The article “What A Stock Split Means For Your Portfolio And Tax Situation” was originally published on MoneySense on September 8, 2020.

After recent stock splits for big names like Apple and Tesla, investors may be wondering: What are the tax and investment implications of a stock split?

When a stock splits, investors end up with more shares of a company, at a lower stock price. An example might be a 2:1 split, where an investor with 10 shares worth $100 each ends up with 20 shares worth $50 each after the stock split.

Apple (Nasdaq: AAPL) and Tesla (TSLA) both had stock splits on August 31. Apple split 4:1 and Tesla split 5:1, lowering their stock prices and multiplying the number of shares issued by 4 and 5 respectively.

Splits can also go the other way. The same day as AAPL and TSLA split their stocks, two other companies—Heatherdale Resources and Bam Bam Resources—did reverse splits. With a reverse stock split, instead of getting more shares at a lower price, an investor ends up with fewer shares at a higher price.

Stock splits tend to be when a stock price gets high, while reverse splits are generally done when a stock price gets low. In the case of Apple and Tesla, their stock prices were up 76% and 596% respectively this year through August 31. Heatherdale and Bam Bam, on the other hand, were both down considerably.

It is important for investors to understand that the reason for a stock split is generally quite practical. It may be easier to facilitate trading in a stock and increase liquidity if investors can trade in lots of 100 or 1,000 shares. The Toronto Stock Exchange, New York Stock Exchange and Nasdaq all have board lots of 100 shares for trading in stocks valued at over $1. Odd lots that are not multiples of 100 may be harder to fill and may be subject to higher commissions. However, commissions have decreased dramatically in recent years, particularly at discount brokerages, so another important reason for stock splits may be psychology.

Investors may prefer a stock that seems more reasonably priced and is not too high in value, so a company may do a stock split so its shares appear more affordable. To be clear, a stock split does not change the value of a company or its shares. If you cut a pumpkin pie into 6 slices or 12 slices, the size of the pie does not change.

That said, with more retail investors buying stocks at low or no commission, there may be investors who cannot or will not buy 1 share of Tesla for $2,500, but at $500 after a 5:1 split, they can become a shareholder.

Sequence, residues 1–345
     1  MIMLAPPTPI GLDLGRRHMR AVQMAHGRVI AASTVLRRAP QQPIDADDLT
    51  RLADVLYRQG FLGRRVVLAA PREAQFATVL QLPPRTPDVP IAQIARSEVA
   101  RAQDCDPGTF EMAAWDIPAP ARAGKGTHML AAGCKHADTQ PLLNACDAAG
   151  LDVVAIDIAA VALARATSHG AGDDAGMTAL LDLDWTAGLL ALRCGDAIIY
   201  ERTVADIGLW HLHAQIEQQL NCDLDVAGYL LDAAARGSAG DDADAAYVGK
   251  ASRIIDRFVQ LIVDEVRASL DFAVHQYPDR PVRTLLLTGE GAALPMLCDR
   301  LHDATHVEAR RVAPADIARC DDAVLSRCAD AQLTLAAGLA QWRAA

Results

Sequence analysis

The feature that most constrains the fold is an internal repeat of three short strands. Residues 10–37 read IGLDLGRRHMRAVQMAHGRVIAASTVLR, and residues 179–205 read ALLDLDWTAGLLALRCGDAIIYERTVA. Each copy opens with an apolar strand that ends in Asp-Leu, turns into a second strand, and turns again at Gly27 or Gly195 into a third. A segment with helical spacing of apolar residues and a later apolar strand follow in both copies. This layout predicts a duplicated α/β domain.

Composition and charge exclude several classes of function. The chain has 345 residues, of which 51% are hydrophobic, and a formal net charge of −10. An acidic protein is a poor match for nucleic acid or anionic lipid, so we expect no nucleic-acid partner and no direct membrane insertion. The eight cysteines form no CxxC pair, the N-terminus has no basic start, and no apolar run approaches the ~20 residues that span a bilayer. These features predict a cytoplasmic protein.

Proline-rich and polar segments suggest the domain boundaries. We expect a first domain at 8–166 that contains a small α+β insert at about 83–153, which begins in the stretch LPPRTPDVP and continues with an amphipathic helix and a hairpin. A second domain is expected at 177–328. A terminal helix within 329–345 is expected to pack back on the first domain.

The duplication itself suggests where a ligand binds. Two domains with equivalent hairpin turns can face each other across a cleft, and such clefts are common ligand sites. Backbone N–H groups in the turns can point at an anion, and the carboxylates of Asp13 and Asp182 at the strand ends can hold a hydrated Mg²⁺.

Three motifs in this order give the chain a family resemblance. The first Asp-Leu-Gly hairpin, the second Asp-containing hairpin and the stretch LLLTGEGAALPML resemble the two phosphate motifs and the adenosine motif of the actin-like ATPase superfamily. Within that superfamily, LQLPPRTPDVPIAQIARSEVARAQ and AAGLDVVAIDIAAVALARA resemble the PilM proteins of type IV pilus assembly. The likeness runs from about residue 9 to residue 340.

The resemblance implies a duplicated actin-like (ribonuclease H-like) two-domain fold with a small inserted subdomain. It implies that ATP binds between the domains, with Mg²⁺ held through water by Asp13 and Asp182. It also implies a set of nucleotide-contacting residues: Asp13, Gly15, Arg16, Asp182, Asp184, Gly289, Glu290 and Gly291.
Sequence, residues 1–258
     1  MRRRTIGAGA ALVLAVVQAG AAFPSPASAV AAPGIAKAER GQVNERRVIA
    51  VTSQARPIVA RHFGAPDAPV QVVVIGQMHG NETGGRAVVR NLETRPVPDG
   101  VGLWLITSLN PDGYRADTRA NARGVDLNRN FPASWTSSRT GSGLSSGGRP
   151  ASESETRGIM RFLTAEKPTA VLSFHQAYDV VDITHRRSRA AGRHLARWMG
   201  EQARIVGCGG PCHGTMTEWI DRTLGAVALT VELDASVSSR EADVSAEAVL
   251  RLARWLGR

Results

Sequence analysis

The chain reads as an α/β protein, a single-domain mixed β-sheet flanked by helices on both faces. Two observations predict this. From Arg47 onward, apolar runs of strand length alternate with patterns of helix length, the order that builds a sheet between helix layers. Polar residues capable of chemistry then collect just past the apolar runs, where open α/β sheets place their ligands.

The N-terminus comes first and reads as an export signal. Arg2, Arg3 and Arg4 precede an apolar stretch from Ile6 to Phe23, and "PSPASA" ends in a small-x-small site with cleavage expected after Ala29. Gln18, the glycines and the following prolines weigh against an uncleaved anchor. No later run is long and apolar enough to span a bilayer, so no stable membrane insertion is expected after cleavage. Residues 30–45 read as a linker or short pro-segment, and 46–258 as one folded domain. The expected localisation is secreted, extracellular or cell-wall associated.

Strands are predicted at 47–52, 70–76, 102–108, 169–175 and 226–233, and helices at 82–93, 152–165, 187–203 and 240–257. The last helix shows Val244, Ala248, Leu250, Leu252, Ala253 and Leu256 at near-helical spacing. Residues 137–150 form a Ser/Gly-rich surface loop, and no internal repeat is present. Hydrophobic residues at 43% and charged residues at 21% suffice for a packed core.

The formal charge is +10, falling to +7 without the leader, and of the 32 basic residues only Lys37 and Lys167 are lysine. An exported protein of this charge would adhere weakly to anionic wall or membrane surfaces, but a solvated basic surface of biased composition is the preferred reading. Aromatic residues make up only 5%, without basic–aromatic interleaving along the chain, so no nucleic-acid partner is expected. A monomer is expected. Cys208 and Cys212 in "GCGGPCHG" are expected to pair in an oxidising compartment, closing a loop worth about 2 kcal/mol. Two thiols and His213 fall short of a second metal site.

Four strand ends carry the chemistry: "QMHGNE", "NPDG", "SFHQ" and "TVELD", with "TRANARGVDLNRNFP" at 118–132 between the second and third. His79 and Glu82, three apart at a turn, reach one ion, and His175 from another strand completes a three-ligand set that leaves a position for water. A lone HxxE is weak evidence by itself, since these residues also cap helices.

Tax treatment of stock splits

From a tax perspective, investors only need to worry about stock splits in taxable non-registered accounts. This is because in a tax-free savings account (TFSA) or tax-deferred RRSP, there are generally no tax implications from buying or selling investments.

In a non-registered account, there are no immediate tax implications of a stock split or reverse split. In other words, it is not as if the stock is sold or deemed to be sold.

However, investors do need to ensure they properly track their adjusted cost base per share after a split. As an example, if an investor bought 10 shares worth $100, their total cost base would be $1,000. If the stock split 2:1, they would have 20 shares with the same $1,000 total cost base, but the cost per share went from $100 each to $50 each, calculated as $1,000 divided by 20 shares. When those shares are sold, they may result in a capital gain or loss. depending on whether the sale price is higher or lower than the adjusted cost base.

Portfolio rebalancing may be required

Another example: Warren Buffett’s Berkshire Hathaway has an interesting stock split history (or lack thereof). Berkshire has two classes of shares: Class A and Class B. The Class A shares have never split, seemingly as a testament to Buffett’s long-term buy and hold approach to investing. The shares were valued at an astonishing $327,280 at the close of trading on August 31. Berkshire’s Class B shares were introduced in 1996 at a value of 1/30th of the Class A shares, and subsequently split 50:1 in 2010. The intention in both cases was to make the company more affordable to retail investors. The class B shares closed at $218 on August 31—1/1,500th of the class A value.

The markets initially applauded Apple and Tesla’s stock splits by bidding the share prices up even further. But, again, a stock split does not make the company more valuable. And because a stock split often follows a big increase in a stock’s price, an investor should consider the impact of that stock price run up.

As mentioned, Apple was up 76% (79% including dividends) and Tesla was up 596% year to date as of August 31. The S&P 500 was up about 10% over the same period and the TSX was down 1%. That means an investor who started the year with a 5% allocation to Apple or Tesla in a 50/50 U.S./Canadian stock portfolio where the other 95 per cent of the portfolio tracked the indices might have had 8% in Apple or 23% in Tesla as of August 31. So, though a stock split is not necessarily a buy or sell signal for a stock, the stock price increase or stock price decrease could be a reason to consider selling or buying for the purposes of rebalancing a diversified portfolio.

Jason Heath is a fee-only, advice-only Certified Financial Planner (CFP) at Objective Financial Partners Inc. in Toronto. He does not sell any financial products whatsoever.